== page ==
Over the summer, the media was abuzz with developments involving Hart Island. Located north of Manhattan in the East River, Hart Island functions as New York City’s potter’s field and the largest tax-funded cemetery in the world. The island is operated by the Department of Corrections, which employs prison labor to maintain its many mass grave sites. Among the one million New Yorkers buried, are indigent persons, prisoners, stillborn children, those whose families cannot afford private funerals and, more generally, anyone who is not claimed or identified within a two-week period after death.
As of July 2015, visitors would be permitted entry to grave sites once per month, a vast improvement that resulted from years of struggle between advocacy groups and city agencies (Kilgannon). Formerly, the cemetery was a point of contention due to the inaccessibility of both its grave sites and burial records. Those who sought information about burials encountered a bureaucratic labyrinth involving weeks of being bounced between personnel at the Department of Corrections. Hart Island visitors were subject to even more imposing barriers: the island was only reachable by a ferry which ran infrequently, and visitors were to undergo the same DOC processes used to grant visitors access to NYC’s prisons. Furthermore, those who jumped through these hoops and made it to Hart Island were physically barred from entry to actual grave sites, forced to gaze upon the mass graves from a small gazebo located near the ferry dock.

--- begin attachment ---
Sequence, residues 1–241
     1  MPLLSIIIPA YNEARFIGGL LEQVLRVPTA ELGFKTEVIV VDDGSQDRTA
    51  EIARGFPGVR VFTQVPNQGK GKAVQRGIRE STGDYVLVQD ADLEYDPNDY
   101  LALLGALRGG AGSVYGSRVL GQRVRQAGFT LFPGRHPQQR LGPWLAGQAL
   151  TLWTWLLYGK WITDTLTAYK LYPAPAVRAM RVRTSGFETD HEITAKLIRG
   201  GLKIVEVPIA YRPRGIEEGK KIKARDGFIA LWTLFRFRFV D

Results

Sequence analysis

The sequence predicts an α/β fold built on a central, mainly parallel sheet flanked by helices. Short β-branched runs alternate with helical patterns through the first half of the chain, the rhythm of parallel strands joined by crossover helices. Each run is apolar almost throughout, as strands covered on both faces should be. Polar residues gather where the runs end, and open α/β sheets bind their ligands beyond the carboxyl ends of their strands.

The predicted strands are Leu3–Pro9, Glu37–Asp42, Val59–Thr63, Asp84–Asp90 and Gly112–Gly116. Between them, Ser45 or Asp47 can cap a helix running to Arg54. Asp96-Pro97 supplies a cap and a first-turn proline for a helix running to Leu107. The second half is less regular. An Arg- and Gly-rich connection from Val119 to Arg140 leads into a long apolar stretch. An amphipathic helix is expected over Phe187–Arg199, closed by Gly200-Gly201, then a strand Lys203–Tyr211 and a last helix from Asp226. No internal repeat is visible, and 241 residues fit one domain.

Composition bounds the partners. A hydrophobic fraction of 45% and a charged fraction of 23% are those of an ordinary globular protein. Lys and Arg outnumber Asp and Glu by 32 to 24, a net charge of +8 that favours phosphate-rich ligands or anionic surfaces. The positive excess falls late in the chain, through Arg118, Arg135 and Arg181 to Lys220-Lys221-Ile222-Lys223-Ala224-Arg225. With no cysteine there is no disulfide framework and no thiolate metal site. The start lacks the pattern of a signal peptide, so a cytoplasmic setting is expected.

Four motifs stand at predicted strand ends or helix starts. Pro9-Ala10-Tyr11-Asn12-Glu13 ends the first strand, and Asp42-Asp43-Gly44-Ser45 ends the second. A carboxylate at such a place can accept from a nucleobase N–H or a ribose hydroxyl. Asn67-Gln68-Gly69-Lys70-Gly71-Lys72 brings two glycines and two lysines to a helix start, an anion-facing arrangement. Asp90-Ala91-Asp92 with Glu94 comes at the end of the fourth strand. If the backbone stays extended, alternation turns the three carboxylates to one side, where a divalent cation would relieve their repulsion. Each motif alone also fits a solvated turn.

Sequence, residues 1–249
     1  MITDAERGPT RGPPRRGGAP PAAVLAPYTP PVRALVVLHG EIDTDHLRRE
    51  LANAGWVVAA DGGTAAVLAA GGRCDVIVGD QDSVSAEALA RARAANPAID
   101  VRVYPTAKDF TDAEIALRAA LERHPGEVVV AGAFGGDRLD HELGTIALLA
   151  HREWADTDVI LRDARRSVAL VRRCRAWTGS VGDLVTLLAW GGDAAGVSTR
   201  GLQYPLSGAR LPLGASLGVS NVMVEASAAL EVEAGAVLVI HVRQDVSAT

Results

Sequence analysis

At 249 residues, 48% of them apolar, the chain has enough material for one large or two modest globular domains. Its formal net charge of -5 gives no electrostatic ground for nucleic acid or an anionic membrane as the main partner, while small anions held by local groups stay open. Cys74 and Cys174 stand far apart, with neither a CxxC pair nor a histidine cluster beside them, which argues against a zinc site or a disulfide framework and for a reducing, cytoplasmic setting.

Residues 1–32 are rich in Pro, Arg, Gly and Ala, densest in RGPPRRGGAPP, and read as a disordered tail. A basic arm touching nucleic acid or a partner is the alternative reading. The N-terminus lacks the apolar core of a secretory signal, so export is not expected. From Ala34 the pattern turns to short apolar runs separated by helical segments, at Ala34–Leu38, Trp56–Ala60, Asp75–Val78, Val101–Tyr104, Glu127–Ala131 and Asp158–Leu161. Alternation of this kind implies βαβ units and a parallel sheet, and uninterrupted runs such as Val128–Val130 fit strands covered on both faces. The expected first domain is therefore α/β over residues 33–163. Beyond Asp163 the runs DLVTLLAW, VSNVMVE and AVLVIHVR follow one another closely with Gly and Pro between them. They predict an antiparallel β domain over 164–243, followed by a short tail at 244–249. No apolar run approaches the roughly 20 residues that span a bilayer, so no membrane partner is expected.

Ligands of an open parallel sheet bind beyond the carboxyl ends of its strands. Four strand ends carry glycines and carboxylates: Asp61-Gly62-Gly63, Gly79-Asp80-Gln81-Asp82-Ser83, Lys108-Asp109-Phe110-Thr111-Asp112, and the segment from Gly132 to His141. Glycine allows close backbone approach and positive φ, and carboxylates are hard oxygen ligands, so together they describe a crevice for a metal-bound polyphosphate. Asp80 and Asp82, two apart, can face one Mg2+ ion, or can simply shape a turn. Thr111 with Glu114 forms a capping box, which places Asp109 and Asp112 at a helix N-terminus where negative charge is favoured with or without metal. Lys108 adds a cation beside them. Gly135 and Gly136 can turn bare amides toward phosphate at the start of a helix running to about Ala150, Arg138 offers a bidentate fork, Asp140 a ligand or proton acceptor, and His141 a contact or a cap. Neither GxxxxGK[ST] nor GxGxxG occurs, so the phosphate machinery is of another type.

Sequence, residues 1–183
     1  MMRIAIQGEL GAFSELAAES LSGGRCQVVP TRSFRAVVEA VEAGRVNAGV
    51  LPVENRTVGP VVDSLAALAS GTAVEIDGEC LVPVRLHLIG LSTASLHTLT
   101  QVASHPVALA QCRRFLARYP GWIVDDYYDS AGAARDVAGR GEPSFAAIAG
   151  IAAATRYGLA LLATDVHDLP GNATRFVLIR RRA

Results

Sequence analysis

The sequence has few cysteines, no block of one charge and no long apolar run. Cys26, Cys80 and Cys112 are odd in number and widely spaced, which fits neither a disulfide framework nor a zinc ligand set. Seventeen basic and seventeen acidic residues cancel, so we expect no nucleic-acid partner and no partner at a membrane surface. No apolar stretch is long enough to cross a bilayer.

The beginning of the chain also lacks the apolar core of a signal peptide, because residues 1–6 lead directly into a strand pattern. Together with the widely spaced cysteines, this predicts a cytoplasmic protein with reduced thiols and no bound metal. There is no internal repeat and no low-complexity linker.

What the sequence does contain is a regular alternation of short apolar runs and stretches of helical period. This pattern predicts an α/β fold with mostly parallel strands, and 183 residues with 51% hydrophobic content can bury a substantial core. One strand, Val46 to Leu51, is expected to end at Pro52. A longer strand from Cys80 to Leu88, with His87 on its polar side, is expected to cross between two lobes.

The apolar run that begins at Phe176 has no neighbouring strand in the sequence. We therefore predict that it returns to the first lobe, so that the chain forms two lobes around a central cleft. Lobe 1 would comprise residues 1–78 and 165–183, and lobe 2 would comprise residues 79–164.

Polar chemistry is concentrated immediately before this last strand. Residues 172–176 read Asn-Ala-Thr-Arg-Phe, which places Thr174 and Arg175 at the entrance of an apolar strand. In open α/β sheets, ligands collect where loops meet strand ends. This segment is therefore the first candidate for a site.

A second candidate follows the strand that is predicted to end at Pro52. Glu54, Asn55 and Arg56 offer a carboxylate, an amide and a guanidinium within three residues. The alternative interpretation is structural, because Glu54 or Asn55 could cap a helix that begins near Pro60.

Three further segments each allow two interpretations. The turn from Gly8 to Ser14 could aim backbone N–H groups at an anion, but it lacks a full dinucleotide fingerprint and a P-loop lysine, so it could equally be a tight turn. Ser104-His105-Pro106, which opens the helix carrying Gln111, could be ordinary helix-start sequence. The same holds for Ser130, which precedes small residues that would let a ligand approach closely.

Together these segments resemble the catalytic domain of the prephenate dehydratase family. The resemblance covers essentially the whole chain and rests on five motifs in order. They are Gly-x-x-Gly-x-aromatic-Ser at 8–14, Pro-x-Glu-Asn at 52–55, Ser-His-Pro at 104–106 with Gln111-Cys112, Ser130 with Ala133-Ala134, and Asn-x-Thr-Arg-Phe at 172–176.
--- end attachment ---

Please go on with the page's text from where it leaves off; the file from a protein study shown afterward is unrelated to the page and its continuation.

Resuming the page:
Hart Island’s inaccessibility not only restricted burial grounds, but also obscured a repository of information, including records and identities that contribute to social memory. Cox and Day consider cemeteries archives wherein components include artifacts, records and grave sites, and they describe these archives as a “rich source of historical information” (Cox 1). What happens, then, when that archive is neither accessible nor properly managed? In the case of Hart Island, social histories were rendered invisible due to poor record keeping and access protocol. The public potter’s field is chilling representation of the power bureaucratic structures wield over the voices and histories of citizens, socially-excluded groups in particular.
In “Archives, Records and Power: The Making of Modern Memory,” Schwartz and Cook expand on the importance of archival studies, saying, “…it is essential to reconsider the relationships between archives and the societies that create and use them. At the heart of that relationship is power” (Schwartz 5). They go on to explain the ways in which the archivist’s power manifests:
“…power to make records of certain event and ideas and not of others, power to name, label, and order records to meet business, government, or personal needs, power to preserve the record, power to mediate the record, power over access, power over individual rights and freedoms, over collective memory and national identity – is a concept largely absent from the traditional archival perspective” (Schwartz 5).